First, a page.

After a day of arguments over amendments to the Migration Act, the Gillard government remains at a political standstill on asylum seeker processing, with onshore processing currently the only viable refugee policy.

First Julia Gillard announced the Migration Act amendments the government was prepared to make in order to get the Coalition to approve them, in order to get around the High Court’s recent decision to rule offshore processing unlawful.

These amendments included assurances that offshore processing countries could not return asylum seekers to dangerous circumstances in their home countries, but these assurances did not have to be enshrined in law. Instead, it was reliant on the immigration minister acting in the “national interest” in picking countries for offshore processing.

“How can an obligation be an obligation if it’s not legally binding?” asked opposition leader Tony Abbott.

Unsurprisingly, Abbott then rejected Gillard’s amendments, saying the Coalition would only allow an amendement which insisted that asylum seekers in Australia were only sent to countries that are signatories of the United National Refugee Convention. Meaning, it would still be impossible for refugees to be sent to Malaysia — Gillard’s policy — but that they’d be able to be sent to Nauru — — a Coalition policy.

Immigration Minister Chris Bowen continued to rule out offshore processing on Nauru, instead declaring the government “would not be going down that road”.

As Jacqueline Maley wrote in The Sydney Morning Herald: “If question time is capable of having a vibe, then this one had a distinct ‘I’d sooner eat a bowlful of my own hair than agree to your amendments’ feel to it.”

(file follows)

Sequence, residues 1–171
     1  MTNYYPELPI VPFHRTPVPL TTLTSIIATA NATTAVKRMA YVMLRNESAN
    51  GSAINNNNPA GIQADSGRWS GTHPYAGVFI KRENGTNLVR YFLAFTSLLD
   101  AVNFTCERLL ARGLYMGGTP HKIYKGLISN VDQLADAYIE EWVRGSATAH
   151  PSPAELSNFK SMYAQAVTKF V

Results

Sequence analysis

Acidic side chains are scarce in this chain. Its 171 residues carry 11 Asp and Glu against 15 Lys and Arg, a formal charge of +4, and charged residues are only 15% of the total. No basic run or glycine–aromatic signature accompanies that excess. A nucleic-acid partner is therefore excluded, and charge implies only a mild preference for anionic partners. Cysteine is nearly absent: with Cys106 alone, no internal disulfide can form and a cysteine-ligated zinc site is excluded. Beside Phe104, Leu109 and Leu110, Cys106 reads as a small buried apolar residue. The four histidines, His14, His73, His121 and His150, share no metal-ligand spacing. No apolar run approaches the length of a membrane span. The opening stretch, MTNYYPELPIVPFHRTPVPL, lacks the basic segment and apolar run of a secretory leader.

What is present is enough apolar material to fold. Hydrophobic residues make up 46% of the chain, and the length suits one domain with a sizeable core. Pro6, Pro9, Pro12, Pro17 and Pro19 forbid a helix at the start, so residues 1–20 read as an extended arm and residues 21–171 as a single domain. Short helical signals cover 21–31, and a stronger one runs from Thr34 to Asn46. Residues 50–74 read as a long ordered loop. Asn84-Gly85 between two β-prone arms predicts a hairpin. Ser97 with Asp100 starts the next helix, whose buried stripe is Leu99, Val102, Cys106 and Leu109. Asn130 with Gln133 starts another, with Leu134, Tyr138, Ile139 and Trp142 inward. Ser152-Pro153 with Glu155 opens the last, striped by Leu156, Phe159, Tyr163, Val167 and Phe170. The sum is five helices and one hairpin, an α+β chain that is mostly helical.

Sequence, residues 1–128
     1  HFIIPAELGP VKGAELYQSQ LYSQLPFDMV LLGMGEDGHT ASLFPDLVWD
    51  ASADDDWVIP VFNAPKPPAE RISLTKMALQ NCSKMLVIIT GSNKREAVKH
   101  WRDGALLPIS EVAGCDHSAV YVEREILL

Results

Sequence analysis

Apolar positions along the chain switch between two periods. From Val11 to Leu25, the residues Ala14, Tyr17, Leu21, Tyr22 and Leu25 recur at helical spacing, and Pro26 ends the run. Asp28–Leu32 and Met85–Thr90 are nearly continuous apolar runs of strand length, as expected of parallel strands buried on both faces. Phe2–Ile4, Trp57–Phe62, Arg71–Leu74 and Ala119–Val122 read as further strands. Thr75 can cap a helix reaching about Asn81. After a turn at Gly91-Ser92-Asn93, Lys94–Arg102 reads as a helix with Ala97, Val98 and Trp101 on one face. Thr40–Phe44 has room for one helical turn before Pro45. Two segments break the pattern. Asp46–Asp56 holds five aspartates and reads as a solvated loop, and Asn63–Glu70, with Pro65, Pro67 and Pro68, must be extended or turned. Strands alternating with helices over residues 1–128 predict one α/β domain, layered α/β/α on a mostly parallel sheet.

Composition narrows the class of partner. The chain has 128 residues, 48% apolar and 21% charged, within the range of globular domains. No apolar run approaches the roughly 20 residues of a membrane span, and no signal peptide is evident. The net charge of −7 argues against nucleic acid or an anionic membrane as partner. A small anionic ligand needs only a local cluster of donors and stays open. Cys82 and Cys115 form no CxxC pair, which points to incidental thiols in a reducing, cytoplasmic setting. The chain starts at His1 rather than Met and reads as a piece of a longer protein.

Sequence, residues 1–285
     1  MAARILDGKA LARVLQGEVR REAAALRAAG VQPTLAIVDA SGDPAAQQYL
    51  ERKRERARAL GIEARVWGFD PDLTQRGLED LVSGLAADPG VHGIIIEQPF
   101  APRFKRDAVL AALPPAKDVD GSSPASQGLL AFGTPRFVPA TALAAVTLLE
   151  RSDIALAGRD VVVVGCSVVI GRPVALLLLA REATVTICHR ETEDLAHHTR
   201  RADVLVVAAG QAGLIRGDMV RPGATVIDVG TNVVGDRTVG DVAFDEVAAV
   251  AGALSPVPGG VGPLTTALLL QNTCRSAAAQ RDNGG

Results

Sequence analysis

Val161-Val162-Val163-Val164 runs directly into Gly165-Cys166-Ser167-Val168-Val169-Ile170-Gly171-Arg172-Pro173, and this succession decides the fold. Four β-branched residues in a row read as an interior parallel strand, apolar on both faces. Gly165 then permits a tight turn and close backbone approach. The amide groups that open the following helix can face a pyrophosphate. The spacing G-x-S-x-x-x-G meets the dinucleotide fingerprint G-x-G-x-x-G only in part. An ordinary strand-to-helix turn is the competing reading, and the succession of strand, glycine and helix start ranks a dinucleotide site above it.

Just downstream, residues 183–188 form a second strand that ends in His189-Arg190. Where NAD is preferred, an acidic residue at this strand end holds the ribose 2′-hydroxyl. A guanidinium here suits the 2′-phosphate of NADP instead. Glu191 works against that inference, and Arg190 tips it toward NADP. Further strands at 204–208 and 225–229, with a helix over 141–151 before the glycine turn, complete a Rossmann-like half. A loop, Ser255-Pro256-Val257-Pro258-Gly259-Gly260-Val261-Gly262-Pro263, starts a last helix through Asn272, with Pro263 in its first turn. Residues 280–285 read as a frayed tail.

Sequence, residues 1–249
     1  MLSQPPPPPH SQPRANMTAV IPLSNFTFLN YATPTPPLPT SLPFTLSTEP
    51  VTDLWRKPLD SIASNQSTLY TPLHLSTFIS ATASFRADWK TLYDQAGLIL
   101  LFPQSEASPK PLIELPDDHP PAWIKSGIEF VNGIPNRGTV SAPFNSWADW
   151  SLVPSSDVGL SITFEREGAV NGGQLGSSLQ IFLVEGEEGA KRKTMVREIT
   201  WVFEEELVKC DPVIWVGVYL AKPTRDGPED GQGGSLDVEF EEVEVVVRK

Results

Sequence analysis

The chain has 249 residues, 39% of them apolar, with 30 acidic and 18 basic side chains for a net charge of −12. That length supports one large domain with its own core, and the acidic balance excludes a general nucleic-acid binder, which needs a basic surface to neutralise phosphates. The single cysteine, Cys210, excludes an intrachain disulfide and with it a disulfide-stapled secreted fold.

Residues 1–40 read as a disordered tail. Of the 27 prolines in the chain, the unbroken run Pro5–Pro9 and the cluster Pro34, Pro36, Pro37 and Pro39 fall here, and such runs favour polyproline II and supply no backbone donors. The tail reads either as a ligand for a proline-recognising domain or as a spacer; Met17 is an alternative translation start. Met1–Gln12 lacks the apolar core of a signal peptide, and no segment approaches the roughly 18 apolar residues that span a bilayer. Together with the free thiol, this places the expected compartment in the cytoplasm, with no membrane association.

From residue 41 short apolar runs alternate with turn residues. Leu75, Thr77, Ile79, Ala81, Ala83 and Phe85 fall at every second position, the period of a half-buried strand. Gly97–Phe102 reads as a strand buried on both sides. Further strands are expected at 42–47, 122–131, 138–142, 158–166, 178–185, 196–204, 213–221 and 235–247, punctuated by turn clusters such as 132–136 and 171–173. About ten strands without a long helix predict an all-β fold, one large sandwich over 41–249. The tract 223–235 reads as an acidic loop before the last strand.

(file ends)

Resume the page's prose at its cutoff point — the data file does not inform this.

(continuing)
If Abbott truly believes the Malaysia policy is a bad idea, then he needs to reject any amendment that would encourage it, says Nikki Savva in The Australian:

“Abbott’s critics claim he would be a hypocrite if he voted against the amendments. In fact, he would be a hypocrite if he voted for them. Any one of the issues he has nominated is ample justification, this time at least, to just say no.”

Does that signal a win for onshore processing? Bowen says yes: “Onshore processing is the current situation — in the absence of any agreement, we do that.”

Onshore processing has long been supported by the Labor Left faction, who yesterday called for the legislation to be redrafted as it claims it breaches Labor party platform. But Labor caucus is expected to vote against the Left’s plan today.

But the government will still attempt to pass the Migration Act amendments through parliament today even though it is a “doomed” policy, as Michelle Grattan writes in The Age, since even if it manages to pass the House of Representatives there’s no way it will pass the Coalition and Greens-controlled Senate.

The latest Newspoll has a low primary vote for the Labor Party but Gillard’s own popularity ratings are up, reflecting that Australians appreciate when their political leaders attempt to compromise on an issue. Not that a compromising is everything. “Gillard’s winning a negotiating war, but the fundamentals have not changed,” writes Dennis Shanahan in The Australian.

Peter Fray

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Peter Fray
Editor-in-chief of Crikey

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